25 February 2009 Mathematical modeling of reflectance and intrinsic fluorescence for cancer detection in human pancreatic tissue
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Proceedings Volume 7187, Biomedical Applications of Light Scattering III; 71870H (2009); doi: 10.1117/12.809243
Event: SPIE BiOS, 2009, San Jose, California, United States
Abstract
Pancreatic adenocarcinoma has a five-year survival rate of only 4%, largely because an effective procedure for early detection has not been developed. In this study, mathematical modeling of reflectance and fluorescence spectra was utilized to quantitatively characterize differences between normal pancreatic tissue, pancreatitis, and pancreatic adenocarcinoma. Initial attempts at separating the spectra of different tissue types involved dividing fluorescence by reflectance, and removing absorption artifacts by applying a "reverse Beer-Lambert factor" when the absorption coefficient was modeled as a linear combination of the extinction coefficients of oxy- and deoxy-hemoglobin. These procedures demonstrated the need for a more complete mathematical model to quantitatively describe fluorescence and reflectance for minimally-invasive fiber-based optical diagnostics in the pancreas.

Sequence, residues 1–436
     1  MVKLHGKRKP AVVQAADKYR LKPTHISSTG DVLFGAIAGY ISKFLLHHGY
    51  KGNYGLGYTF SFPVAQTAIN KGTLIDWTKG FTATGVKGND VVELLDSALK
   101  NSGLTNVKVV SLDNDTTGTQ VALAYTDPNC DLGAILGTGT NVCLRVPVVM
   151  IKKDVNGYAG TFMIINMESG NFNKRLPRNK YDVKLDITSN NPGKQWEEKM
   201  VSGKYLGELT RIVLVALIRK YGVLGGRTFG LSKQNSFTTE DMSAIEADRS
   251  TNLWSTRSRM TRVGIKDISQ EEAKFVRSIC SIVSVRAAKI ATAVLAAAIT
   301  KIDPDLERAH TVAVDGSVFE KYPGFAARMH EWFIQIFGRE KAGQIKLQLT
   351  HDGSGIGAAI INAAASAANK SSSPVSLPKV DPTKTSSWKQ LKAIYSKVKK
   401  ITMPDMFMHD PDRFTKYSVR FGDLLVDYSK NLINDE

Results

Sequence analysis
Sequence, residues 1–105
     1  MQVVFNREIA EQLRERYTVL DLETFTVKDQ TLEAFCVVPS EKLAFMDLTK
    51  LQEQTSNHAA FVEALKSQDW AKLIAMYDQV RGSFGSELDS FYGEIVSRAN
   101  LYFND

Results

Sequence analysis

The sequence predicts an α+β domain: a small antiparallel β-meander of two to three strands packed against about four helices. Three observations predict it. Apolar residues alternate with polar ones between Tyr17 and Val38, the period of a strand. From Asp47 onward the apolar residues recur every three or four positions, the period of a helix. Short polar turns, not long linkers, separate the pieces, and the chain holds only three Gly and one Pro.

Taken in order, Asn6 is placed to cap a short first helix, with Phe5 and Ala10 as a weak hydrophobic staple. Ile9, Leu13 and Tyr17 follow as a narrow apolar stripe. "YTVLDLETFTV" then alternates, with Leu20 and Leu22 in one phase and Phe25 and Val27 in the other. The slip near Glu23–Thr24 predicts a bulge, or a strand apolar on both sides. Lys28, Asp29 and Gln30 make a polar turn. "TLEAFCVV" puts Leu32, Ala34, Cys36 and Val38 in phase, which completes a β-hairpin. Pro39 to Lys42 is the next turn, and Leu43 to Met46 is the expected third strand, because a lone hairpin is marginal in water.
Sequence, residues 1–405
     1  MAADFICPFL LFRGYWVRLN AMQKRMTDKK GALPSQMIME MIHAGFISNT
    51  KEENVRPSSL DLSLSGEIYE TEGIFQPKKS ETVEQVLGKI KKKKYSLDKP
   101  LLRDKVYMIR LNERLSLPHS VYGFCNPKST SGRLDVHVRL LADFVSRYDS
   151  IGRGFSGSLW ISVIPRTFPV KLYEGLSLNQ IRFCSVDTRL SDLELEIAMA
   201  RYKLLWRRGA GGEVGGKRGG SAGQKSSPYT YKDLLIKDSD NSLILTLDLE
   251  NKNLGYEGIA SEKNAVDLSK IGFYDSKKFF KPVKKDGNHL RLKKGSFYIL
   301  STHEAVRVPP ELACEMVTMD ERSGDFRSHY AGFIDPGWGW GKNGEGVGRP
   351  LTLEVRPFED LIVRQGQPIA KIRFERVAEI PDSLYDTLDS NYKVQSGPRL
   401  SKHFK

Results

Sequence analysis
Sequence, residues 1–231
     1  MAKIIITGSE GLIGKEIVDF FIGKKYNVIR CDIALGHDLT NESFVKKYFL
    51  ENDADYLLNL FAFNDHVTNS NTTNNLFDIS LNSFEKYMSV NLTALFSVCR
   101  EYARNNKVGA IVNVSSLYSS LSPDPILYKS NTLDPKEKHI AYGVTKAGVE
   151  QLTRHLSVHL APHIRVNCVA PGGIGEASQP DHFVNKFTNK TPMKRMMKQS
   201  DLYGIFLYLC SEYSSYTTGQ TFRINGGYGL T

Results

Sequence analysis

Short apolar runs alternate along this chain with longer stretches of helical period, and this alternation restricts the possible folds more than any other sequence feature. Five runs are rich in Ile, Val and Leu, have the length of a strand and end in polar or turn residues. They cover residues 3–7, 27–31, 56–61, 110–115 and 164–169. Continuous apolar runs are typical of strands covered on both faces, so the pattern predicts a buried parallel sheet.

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Robert H. Wilson, Malavika Chandra, James Scheiman, Diane Simeone, Barbara McKenna, Julianne Purdy, Mary-Ann Mycek, "Mathematical modeling of reflectance and intrinsic fluorescence for cancer detection in human pancreatic tissue", Proc. SPIE 7187, Biomedical Applications of Light Scattering III, 71870H (25 February 2009); doi: 10.1117/12.809243; https://doi.org/10.1117/12.809243
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KEYWORDS
Reflectivity

Luminescence

Tissues

Absorption

Mathematical modeling

Pancreatic cancer

Tissue optics

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